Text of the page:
[ipv6hackers] RA guard evasion

Owen DeLong owend at he.net
Fri May 24 18:54:05 CEST 2013

>> Yes, that is the inverse of what I said... There are some things which are
>> LL-Only.
>> There is nothing, however, which can't be sent LL.
>> Thus, one cannot place additional restrictions on LL packets that would be
>> unacceptable on packets with global addresses. That was my point.

Who are you (or we for that matter) to determine what one should do with their
link local communications?

> Much like I was not having in mind a global and universal restriction.
> If your network has both link local and global addresses, then the
> applications that can use both should (and that's my opinion, which may be
> arguable) use globals. Then the link-locals stop carrying the "generic"
> protocols and remain in use only for the "link-local only" protocols. Now,
> that is, as I now remember, the logic behind my original comment :-)
> Arbitrary as it is.

I absolutely disagree with your opinion. There are many valid reasons to use
link local even when global is available. For example, I often use link local
to ssh into devices when I want to make very sure that my traffic stays on the
same link.

There are other cases where being able to run an application and ensure that
your packets are not routed can also be a benefit.

If you want to run your network that way, I have no objection. However, if you
want to codify it into the stack, then I say that you are very wrong.

> The case of link-local only segments is special-case enough to not be of
> much interest. In my view those would also be controlled enough at L1 to
> maintain the assumption "L2 is trusted from the standpoint of this network"
> - thus this discussion would not relate.

I will again disagree. It is much more common than you may realize. For example,
some networks are using LL-only addressing on all of their point to point links.

I don't trust any Point to Point link that traverses a carrier so completely as you
assume could be implied.

>>>> Link-locals can be treated special in that you should be able to trust
>>>> that they
>>>> did not come from somewhere off-link. Beyond that, they are no different
>>>> from
>>>> anything else in terms of how they can be treated for security purposes.
>>> Unfortunately seems this can't be assumed at large.
>>> https://ripe66.ripe.net/presentations/121-v6darknet-ripe2013.pdf, search
>>> for "Link-local".
>> Well, if your routers are not broken, then such packets won't make it past
>> them. RIPE probably positioned their data-gathering nodes for this
>> behind routers that were deliberately promiscuous in this way.
>> According to the RFCs, no router should ever pass a packet which contains
>> either a source or destination address in the link-local range (fe80::/10)
> I don't argue with what standards say.
> You stated that as an "always true" assumption - I brought in the
> counter-example, that's it.

Note I used the words "Should be able to" in my original statement precisely because I know that while you "should" be able to, you actually can't.

>>> I've done a few quick tests while I was at the conference, spoofing the
>>> LL-sourced traffic to my server - they (as expected) did *not* make it
>>> through.
>> As it should be.
>>> Anyway this seems to be an interesting two areas:
>>> 1) which systems do send the LL-sourced packets - this is a problem, even
>>> if minor.
>> All systems using IPv6 send LL-sourced packets. I'm not exactly sure what
>> you
>> mean here.
> removing from context: LL-sourced packets with the destinations other than
> the segment the sender is on.

An LL-Sourced packet is only valid if the destination is a multicast address or another LL address, IMHO.

I believe the RFCs even say so, but I don't have time to research all the citations that would be required to back up that claim and I am not 100% certain.

>> Admittedly, this doesn't apply to link-local. However, for routed packets,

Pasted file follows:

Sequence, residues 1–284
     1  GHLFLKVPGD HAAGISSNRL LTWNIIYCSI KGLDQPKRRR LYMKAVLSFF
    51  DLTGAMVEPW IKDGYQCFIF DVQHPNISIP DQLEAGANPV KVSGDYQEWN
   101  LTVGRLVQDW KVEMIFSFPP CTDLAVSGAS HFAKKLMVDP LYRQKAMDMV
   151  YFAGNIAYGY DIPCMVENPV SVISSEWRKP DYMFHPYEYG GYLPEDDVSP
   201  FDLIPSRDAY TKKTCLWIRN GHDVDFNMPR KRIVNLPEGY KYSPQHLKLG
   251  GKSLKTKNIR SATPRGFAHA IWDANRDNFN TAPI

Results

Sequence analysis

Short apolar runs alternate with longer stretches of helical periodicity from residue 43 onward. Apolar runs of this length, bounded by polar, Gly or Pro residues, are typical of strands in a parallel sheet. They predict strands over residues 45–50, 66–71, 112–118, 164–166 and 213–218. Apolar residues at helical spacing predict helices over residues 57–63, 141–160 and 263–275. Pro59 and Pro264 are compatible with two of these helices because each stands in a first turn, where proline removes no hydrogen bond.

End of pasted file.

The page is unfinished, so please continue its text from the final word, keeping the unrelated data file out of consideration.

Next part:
>> it's not just tradeoffs. If you want to reliably do full reassembly, you
>> must be
>> close enough to the destination host that there are no alternate paths
>> where
>> a fragment may take a different route that bypasses the reassembly point.
>> If this isn't the end-host, then by definition, you have introduced a
>> single
>> point of failure or worse a chain of single points of failure. Inherently
>> this
>> cannot reliably work for a multi-homed host, nor can it work for a host
>> which
>> is on a network with more than one router.
>> The further away from the destination host you go with this, the worse it
>> gets.
>> I think that qualifies as more than a mere tradeoff.
> This particular case is just an example of QED to my original point.
> Regardless of the capabilities of the device, if you see only some
> fragments, you can not enforce the L4 policy on them.

Then in this respect, we agree.
>> For link-local, that's one heck of a burden to put on a switch and you
>> better
>> be prepared to pay for much more powerful ASICs and a lot more RAM in
>> those switches if you want to do this.
>> Consider that reassembling 8K packets in a 24 port 10G switch from
>> fragments that are 1280 octets long, of which 80 octets are the minimal
>> header, so you have 1200 octets of payload per packet would require
>> you to reassemble, decode, and re-fragment upwards of 24 packets
>> every 6 microseconds (or 1 every 200 nanoseconds). Having a second
>> or so of memory for doing this would be 30 Gigabytes of  RAM just for
>> packet buffers.
>> I'm not sure the electronics to do this are even possible. I'm quite
>> certain that they are not cost effective today and likely won't be for
>> quite some time.
> Exactly. So - this again is an argument that it is not feasible to do the
> L4 reassembly on anything other than firewalls. Unfortunately, as the L2
> control traffic (that the address resolution/determination) in IPv6 is
> actually L4, we have to do it.

I would argue that doing L4 reassembly on firewalls is perilous unless you are absolutely certain that the firewall is a single point of failure/bottleneck in the network. If you are sure of that, then you probably have a less-than-ideal architecture to begin with and I'm not sure that RA-Guard evasion is likely to be your worst problem.

>>>> Bottom line, the network is really the wrong place to do security, but
>> we
>>>> make
>>>> an effort in the network because the host (where security should be
>> done)
>>>> is
>>>> virtually impossible to control in anything remotely resembling a real
>> or
>>>> reasonable manner.
>>> In the world of completely rational and considerate humans, this could be
>>> true.
>> ?
>> I believe this is the reality in which we live today. I do not believe
>> that rational
>> or considerate humans are required. In a world of rational and considerate